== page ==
Could Ghost Hunting Be Your New Career?

Probably not. Although there is no shortage of ghost hunters out there—or of people who believe in ghosts (according to one poll, 22% of Americans have seen or felt a ghost)—the industry appears more for hobby than profit.

Stacey Jones, a former cop of 12 years who is the founder of Central New York Ghost Hunters, takes her research seriously and laments the recent flood of “ghost groupies” who attempt to do paranormal investigations without doing their homework first. She has read more than 5,000 books on the subject, given lectures and even hosted “ghost walks”—serving as a guide for tourists seeking the supernatural. Four years ago, her own son underwent an exorcism. Her organization boasts more than 100 active members and receives, on average, eight requests a day for help with ghost issues—she normally takes on about two of those cases each day, but she doesn’t charge for her services. “Any ghost hunter that charges is being ridiculous because there’s no proof that this exists,” Jones explained.

Generally, her clients are “people in crisis”—some of whom have scratches and physical harm done to them by nonphysical entities.

L’Aura Hladik of the NJ Ghost Hunters Society says her group has 674 members and offers a four-hour intensive training program (from 10 p.m.-2 a.m.) where students learn about EVP, improve their videography skills and try out the latest EMF and thermal scanning techniques—both of which are used to track down ghosts. Those who successfully pass the program can call themselves “Certified Paranormal Investigators,” although it is important to remember that there is no official accreditation body for ghost hunters. Expect to pay $125 for Hladik’s supernatural crash course.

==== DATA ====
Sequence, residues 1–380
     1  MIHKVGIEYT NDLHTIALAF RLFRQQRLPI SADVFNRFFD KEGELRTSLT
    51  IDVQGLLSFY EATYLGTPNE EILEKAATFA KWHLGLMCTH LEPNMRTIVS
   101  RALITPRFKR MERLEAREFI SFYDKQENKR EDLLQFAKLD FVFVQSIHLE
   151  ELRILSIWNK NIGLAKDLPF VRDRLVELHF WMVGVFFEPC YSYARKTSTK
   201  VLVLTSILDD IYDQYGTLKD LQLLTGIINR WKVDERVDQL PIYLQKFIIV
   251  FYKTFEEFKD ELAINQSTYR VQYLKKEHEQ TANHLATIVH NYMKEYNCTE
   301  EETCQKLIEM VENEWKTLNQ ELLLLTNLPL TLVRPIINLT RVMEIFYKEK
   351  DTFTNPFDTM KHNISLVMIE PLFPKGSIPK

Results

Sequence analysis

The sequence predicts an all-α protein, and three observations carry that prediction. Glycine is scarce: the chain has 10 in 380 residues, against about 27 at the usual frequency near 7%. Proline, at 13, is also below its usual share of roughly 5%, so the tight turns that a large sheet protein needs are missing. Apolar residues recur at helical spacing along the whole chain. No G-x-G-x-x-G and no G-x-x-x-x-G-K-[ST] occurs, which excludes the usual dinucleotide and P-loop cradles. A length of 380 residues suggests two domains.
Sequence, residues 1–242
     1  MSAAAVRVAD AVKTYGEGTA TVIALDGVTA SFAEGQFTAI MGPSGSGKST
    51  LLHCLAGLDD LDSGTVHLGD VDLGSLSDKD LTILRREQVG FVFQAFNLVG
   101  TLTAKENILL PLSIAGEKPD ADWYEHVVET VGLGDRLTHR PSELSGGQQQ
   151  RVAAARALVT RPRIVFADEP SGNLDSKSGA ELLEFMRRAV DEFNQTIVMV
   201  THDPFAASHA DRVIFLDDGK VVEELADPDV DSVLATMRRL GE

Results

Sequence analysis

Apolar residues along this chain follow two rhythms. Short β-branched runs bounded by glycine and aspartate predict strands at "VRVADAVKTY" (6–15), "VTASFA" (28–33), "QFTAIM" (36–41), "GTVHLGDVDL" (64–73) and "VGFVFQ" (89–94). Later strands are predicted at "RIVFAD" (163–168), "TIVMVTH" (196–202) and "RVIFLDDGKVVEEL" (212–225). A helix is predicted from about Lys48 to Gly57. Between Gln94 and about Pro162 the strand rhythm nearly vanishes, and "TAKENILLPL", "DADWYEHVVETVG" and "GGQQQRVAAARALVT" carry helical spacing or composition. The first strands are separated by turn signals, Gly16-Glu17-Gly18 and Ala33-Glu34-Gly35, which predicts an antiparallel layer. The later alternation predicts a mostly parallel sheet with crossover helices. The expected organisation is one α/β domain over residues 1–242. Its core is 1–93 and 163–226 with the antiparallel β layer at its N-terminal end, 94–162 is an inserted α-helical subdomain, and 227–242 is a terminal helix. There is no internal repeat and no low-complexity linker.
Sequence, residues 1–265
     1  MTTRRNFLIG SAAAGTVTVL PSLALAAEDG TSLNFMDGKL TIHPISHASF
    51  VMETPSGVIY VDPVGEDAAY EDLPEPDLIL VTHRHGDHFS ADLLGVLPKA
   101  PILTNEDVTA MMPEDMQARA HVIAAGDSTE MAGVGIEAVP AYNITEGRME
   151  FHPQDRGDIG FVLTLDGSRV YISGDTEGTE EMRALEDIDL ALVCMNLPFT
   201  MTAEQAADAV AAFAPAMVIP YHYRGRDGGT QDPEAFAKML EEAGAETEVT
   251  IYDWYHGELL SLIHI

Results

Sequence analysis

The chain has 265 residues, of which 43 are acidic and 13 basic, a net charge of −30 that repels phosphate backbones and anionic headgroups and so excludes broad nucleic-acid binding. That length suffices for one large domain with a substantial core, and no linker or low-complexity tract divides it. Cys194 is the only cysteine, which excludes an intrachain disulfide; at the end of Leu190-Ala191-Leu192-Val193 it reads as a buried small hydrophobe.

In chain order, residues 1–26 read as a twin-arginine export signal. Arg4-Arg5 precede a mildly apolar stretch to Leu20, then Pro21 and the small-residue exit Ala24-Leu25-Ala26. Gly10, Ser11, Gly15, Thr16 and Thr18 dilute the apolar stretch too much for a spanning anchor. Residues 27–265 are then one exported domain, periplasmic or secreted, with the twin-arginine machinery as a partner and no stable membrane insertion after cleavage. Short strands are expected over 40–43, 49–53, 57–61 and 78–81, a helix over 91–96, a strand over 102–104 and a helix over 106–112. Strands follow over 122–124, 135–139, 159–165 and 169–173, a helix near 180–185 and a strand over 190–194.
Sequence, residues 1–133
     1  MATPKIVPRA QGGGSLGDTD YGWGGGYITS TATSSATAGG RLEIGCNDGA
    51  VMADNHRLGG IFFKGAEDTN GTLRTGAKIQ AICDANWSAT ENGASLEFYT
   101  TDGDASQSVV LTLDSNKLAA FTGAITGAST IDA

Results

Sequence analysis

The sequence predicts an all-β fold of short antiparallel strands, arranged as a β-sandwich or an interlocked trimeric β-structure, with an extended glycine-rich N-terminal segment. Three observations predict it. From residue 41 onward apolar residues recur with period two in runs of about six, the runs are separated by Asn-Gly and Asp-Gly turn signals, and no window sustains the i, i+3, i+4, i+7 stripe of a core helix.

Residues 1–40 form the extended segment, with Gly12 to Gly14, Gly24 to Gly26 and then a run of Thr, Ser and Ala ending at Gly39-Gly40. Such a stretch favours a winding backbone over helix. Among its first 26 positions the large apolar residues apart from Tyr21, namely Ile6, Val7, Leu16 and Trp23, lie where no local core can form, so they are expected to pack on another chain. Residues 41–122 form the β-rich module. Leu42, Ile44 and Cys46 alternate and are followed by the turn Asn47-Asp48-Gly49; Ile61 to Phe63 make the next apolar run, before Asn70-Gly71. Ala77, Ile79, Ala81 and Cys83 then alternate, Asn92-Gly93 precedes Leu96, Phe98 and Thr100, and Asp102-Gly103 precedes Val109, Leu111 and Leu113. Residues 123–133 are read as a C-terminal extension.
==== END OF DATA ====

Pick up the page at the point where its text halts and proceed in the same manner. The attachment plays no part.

Both Jones and Hladik agree that ghost hunting is a calling rather than a profession—if you are looking to strike it rich or become famous, this is not the field for you (although Hladik has received national media attention from the likes of The Montel Williams Show and FOX’s Morning Show with Mike and Juliet). Frankly, one of the only ways people can hope to make money in this field is by getting a book deal or, if you’re really lucky, landing a reality show like Ghost Hunters on Syfy.  Anyone who wants to open up an actual ghost busting business, however, is going to be greeted with some skepticism, and might even be ostracized by the ghost-believing community.

We couldn’t resist asking Jones a few pointed questions. Why do ghosts continue to harass the living? “I don’t know why, there are theories out there that they aren’t actually human,” she told us, suggesting they may be demons or some other variety of paranormal ne’er-do-well.

At this point, the journalist in us got annoyed, so we asked Jones for some hard proof that ghosts exist in the first place. Scratches and bruises have causes other than demonic visitation, after all.

“There’s a difference between a skeptic and a cynic,” she told us, saying that as long as we remained intelligent skeptics, rather than cynics with an agenda, there was some evidence that would interest us. Jones explained that EVPs—electronic voice phenomenon—provided serious proof of ghosts’ existence. In one case, her group heard a voice on a recording device that provided its name. Jones said the group was able to confirm that this deceased individual had been a patient at an old tuberculosis hospital established in the mid-1700s, as the voice had stated.

Spooky. If you are tempted to hone your ghost hunting skills, Jones says it is crucial to do your research before joining a group in your area. “Check out the group, their history, find out exactly what gives them the credentials for starting up a group.”

What do you think? Do ghosts actually exist or is ghost hunting a fool’s errand? Let us know in the comments.

 

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